Increasing poverty has brought the problem of hungry school children to critical levels, with teachers reporting rising numbers of children unable to concentrate or misbehaving in class as a result of not having been fed properly at home before arriving at school.
Schools across the country are responding to plea for help by setting up 'Breakfast Clubs' for students. Typically there is no discrimination between those families that can afford it and those that cannot, every pupil will be able to start their school day fed and ready to learn. It is really important that as many parents as possible take up the new service as it will save them money and it positively contributes to making a collective effort to get children into school bright and early, and ready to learn.
Proponents of free school breakfasts say they the service will improve pupils' academic concentration, attendance, behaviour, encourage healthier eating habits and help improve relationships between parents and the school. All of this is good stuff isn't it and what we want for all children?
You sometimes do find that the stereotypes associated with business still do exist, that all entrepreneurs are white middle aged men wearing suits. The reality is very different!
Last year we saw a 15% increase of 16-24 years starting their own ventures and we’re now seeing more start-ups from women than ever before. The new Start Up Enterprise Loan being offered by the government is a step in the right direction and will give many their first step on the business ladder. In addition to the cash support young people also receive a mentor, whose time and experience will be invaluable to facilitate their learning curve. More details are available here http://www.enterprisenation.com/slk/
The School Speakers team have been glued to this year's series of The Apprentice. We would like to welcome on board Adam Corbally and Nick Holzherr as speakers. We asked students and teachers who their favourite characters were from this year’s show and these two gentleman topped the scoreboard. Read about Adam and Nick on their speaker profiles.
Carl Hopkins and Sue Stone from The Secret Millionaire already visit students through School Speakers. We were touched, and inspired, by entrepreneur Matthew Newbury’s episode during May 2012 and we’re delighted that he is now available to visit students too. Matthew’s profile is available here.
We have a number of student enterprise days available, The Apprentice and Dragons Den, themed being very popular, see here.
School Speakers passionately believes that all students should have to good, objective careers advice. We have a wealth of speakers who visit students all across the UK inspiring and advising on career destinations, employability skills, CVs and interview techniques. To view our careers speakers please click here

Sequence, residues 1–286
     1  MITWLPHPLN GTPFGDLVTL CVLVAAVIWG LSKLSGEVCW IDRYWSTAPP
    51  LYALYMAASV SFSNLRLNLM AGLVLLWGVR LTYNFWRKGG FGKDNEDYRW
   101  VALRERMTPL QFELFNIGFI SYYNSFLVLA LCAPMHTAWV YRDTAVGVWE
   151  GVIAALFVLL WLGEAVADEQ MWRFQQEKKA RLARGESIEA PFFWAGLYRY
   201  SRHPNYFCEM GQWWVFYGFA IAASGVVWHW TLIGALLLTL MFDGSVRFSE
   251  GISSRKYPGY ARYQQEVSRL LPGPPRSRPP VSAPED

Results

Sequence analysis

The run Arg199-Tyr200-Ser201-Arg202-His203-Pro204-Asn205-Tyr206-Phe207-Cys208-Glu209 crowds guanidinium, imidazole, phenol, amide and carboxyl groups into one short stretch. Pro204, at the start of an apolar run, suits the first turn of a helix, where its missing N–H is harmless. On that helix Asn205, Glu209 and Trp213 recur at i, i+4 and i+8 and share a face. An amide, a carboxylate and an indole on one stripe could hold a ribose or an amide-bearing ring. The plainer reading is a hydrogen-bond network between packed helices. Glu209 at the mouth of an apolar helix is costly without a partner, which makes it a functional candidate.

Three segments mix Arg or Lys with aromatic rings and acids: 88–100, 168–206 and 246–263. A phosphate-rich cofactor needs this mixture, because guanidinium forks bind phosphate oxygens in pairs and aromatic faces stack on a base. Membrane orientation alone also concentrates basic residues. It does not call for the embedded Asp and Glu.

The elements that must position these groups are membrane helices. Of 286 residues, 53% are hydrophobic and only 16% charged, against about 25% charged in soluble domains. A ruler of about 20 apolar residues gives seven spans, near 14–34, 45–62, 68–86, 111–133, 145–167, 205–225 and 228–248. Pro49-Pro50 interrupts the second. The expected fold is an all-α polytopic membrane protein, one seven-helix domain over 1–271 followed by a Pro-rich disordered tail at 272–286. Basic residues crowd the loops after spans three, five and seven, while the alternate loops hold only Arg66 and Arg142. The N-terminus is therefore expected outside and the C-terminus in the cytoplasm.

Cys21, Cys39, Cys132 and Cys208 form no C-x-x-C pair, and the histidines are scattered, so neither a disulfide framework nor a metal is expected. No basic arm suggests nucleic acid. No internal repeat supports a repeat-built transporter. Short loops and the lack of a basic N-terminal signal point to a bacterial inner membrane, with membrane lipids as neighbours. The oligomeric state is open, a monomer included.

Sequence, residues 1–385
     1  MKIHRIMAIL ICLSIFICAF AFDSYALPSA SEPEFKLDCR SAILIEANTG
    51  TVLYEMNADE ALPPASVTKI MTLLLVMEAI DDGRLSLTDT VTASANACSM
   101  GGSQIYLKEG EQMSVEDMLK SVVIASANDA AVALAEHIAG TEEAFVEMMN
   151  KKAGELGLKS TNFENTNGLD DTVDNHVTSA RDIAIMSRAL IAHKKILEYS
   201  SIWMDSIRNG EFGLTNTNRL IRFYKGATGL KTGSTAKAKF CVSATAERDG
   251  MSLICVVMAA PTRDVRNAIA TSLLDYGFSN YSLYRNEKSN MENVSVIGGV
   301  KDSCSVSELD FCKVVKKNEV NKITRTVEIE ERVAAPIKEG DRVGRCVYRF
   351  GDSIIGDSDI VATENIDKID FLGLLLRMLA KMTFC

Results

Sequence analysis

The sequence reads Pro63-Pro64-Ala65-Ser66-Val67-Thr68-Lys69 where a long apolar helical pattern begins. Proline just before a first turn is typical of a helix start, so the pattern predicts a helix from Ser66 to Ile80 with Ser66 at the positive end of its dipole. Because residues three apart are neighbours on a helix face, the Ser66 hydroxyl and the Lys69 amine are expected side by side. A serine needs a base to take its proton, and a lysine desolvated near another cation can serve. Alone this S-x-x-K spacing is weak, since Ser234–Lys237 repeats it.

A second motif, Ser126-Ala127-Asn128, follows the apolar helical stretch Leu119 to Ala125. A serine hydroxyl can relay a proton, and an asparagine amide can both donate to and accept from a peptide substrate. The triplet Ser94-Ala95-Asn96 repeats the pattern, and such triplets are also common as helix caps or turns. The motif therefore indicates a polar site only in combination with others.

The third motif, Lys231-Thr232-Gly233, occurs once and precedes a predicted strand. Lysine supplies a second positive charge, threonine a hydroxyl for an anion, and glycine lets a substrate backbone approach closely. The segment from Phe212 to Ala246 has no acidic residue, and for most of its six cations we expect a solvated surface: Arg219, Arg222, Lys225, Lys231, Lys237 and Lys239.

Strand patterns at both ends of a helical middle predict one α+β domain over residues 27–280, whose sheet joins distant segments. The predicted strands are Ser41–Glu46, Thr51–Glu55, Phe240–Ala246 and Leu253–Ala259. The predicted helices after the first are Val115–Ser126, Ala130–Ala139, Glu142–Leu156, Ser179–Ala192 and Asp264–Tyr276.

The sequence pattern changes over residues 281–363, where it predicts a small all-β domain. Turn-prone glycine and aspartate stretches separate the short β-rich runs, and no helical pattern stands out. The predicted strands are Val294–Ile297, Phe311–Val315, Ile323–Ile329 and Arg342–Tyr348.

Speaking recently at the Institute of Career Guidance - Commissioning Career Guidance Services conference in York, David Andrews OBE listed four key reasons to invest in careers guidance. These were:
1. The 14-19 education system and beyond will not work without careers guidance.
2. It is not possible to reduce the number of young people Not in Education, Employment or Training (NEET) purely by having a targeted support service.
3. Results will go up as careers guidance raises aspirations, increases motivation and raises achievement.
4. 10% of students starting a higher education course do not complete. Careers guidance encourages research so students are informed about their journey.
These outlined points came in the week that the Department for Education confirmed its statutory careers guidance requirements which all schools must deliver from September 2012. Under Section 29 of the Education Act 2011, schools now have a duty of care to secure access to independent careers guidance for their pupils in years 9 to 11. Careers guidance secured under the new duty must:
• Be presented in an impartial manner
• Include information on the full range of post-16 education or training options, including Apprenticeships
• Promote the best interests of the pupils to whom it is given
Through the new requirements, schools have been made more accountable for the successful progression of students to further education, higher education and skilled employment, providing independent guidance along the way.View & Comment on this post - May 3rd, 2012In a fast changing world, which is becoming increasingly competitive, it's essential for young people to leave school with a range of skills that are needed to survive life outside the classroom. These skills can be referred to as an 'enterprising toolkit' and its content is at the top of every employers agenda; ultimately as educational leaders it is our responsibility to help students gain their first step on the employment ladder. An enterprising mind-set has been proven to support academic performance, confidence and all round aspiration. It is key for young people to understand the importance of social responsibility and how it's an integral part of tomorrow's business world. In the wider world we should ask all young people to use their talent, contribute and make a difference. We have a number of speakers visiting schools to teach students enterprising skills.